What is a blemish?
A blemish can be any kind of spot, discoloration or mark on the skin, but in most circumstances ‘blemish’ refers to breakouts. A blemish is a clogged pore which can be raised, red and sore.
What is ‘blemish-prone skin’?
If you get frequent breakouts, then you likely have blemish-prone skin. Blemish-prone skin can refer to anyone who is susceptible to whiteheads, blackheads, pustules and more; from those who get the occasional pimple or blackhead, to those with high-grade acne.
Blemish-prone skin can be oily, however it can also be dry or dealing with other skin concerns such as hyperpigmentation or signs of ageing.
While traditionally associated with teenage skin, blemish-prone skin is common in all ages and unfortunately doesn’t always go away when you hit your 20s. You may find you experience blemish-prone skin all throughout your life, or it may be associated with life events such as menopause or high-stress periods.
How do blemishes form?
Simply put, a blemish is a clogged pore caused by four circumstances: excess sebum, the build-up of dead skin cells, inflammation and the accumulation of blemish-causing bacteria, (C. acnes).
Excess sebum can occur when the sebaceous glands go into overdrive, producing more natural oils than the skin requires. This is sometimes the result of hormonal changes, and is common during puberty and in women before the peak of the menstrual cycle and during menopause. The trouble starts when the excess sebum starts to clog pores rather than flowing freely onto the skin’s surface. This marks the birth of a pimple and it can happen weeks before you actually notice a blemish appearing.
Dead skin cells
Your skin renews itself every 30-40 days. But when excess sebum is trapped inside the pore, dead skin cells can get stuck in all that extra oil, creating an airtight blockage within the pore. Oxygen can no longer flow freely through the pore, which means that blemish-causing bacteria are able to thrive.
Blemish-causing bacteria (C. acnes)
In a normal, healthy complexion, C. acnes live happily on the skin without causing a problem. This is because oxygen from the air keeps them at relatively low levels. But in the midst of an air-tight, oil-filled pore, C. acnes begin to rapidly multiply. As they increase, they begin to feed on the excess sebum, converting it into irritating free fatty acids.
These irritating free acids are what triggers the body’s immune system and consequently the red, sore inflammation that we refer to as blemishes.
What causes blemishes?
There is no single cause of blemishes, and often a multitude of factors combined cause blemish-prone skin.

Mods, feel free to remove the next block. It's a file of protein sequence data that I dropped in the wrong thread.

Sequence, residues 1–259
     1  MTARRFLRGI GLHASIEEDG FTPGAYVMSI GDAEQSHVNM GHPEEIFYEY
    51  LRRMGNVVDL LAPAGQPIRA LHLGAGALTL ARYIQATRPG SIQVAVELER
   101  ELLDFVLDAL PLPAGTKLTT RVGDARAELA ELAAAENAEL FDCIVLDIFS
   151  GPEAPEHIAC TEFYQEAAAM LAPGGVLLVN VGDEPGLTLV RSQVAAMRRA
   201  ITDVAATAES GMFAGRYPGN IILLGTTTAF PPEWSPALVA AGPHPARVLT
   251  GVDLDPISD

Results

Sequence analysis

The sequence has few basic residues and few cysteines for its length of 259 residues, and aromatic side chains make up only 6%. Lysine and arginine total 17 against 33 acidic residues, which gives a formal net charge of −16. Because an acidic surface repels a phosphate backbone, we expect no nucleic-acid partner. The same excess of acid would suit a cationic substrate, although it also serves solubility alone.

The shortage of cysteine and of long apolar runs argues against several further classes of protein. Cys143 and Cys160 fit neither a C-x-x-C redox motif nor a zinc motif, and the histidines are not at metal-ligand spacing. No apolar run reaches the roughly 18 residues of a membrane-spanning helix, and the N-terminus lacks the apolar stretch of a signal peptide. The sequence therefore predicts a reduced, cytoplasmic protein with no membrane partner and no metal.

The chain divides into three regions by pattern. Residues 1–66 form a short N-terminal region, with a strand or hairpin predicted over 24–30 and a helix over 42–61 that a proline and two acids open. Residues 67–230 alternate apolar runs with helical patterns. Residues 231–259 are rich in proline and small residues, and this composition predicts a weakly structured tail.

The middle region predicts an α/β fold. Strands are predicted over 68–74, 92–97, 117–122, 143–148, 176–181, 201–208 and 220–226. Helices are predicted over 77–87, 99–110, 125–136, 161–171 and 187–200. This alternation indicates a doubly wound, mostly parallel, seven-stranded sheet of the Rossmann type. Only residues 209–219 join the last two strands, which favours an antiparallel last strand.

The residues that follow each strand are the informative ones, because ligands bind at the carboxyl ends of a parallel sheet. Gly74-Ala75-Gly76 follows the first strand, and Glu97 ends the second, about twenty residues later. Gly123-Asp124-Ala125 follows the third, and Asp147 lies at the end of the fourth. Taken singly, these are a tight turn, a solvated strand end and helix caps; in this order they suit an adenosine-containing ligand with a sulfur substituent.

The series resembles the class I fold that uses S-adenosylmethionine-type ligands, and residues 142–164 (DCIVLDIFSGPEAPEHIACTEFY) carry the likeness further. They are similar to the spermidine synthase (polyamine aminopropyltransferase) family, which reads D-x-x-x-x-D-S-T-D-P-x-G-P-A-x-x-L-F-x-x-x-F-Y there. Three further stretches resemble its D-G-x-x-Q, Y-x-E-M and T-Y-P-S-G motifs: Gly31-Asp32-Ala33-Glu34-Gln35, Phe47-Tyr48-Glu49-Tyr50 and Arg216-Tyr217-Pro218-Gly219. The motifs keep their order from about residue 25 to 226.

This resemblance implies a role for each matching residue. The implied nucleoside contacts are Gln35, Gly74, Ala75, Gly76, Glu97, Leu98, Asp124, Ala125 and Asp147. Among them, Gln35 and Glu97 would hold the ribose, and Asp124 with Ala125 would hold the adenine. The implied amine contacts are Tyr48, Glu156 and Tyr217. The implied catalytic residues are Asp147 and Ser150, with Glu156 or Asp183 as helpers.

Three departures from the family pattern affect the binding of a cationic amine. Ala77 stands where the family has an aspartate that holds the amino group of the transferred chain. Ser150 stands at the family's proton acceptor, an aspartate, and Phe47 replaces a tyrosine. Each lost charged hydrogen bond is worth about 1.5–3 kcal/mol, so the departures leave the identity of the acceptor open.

A key factor in formation of blemishes is hormonal changes, particularly during puberty, pregnancy, menopause or changes in hormonal contraceptives.
Medications and stress can both play a part in hormonal changes and trigger blemishes.
Environmental factors such as hot and humid conditions and sometimes changes in diet and an impaired skin barrier function can also cause blemishes to occur.
Types of blemishes
Dealing with a problematic skin can be challenging as there are many factors which need to be taken into consideration. To begin, identify the type of blemish you are experiencing.
There are two major types of blemishes; inflamed and non-inflamed.
Non-inflamed blemishes are usually referred to as comedones and can be open or closed, corresponding to either blackheads or whiteheads.
Open and closed comedones occur when sebum and dead skin cells combine to clog a pore, without causing any inflammation. Black heads contain sebum which is oxidised to a darker colour, and white heads are sealed which look paler on the skin.
Comedones tend to be easy to control with skincare, in particular with salicylic acid and vitamin A.
Inflamed blemishes can come in many forms. The most common type experienced are papules and pustules. Papules are small red bumps which may feel tender or sore. Pustules are very similar to papules, but have a white tip corresponding to a buildup of pus in the pore.
Papules and pustules in most cases are improved by a blemish-prone skincare regime, including a gentle cleanser, leave-on BHA and vitamin A.
The most severe form of inflamed blemishes are nodules and cysts.
Nodules are large, inflamed bumps which feel firm to the touch, while cysts are large pus-filled bumps. Cysts tend to be softer than nodules. Cysts and nodules can be painful and can leave scarring if not treated correctly.
In most cases, topical blemish treatments are unlikely to have a significant effect on nodules and cysts, and a doctor or dermatologist should be consulted.
Skincare for blemish-prone skin
Find your bespoke, personalised regime here…
Recommended Blemish Regime:
Blemish Control Pads (can also use PM)
Clarity Peptides (can also use AM)
Bi-Weekly: Glycolic Acid Activator
If dealing with comedones, papules and pustules, a blemish-busting skincare routine is likely to help minimise the causes of blemishes. We need to normalise every contributor to the formation of blemishes; excess sebum, dead skin cells, bacteria, and inflammation.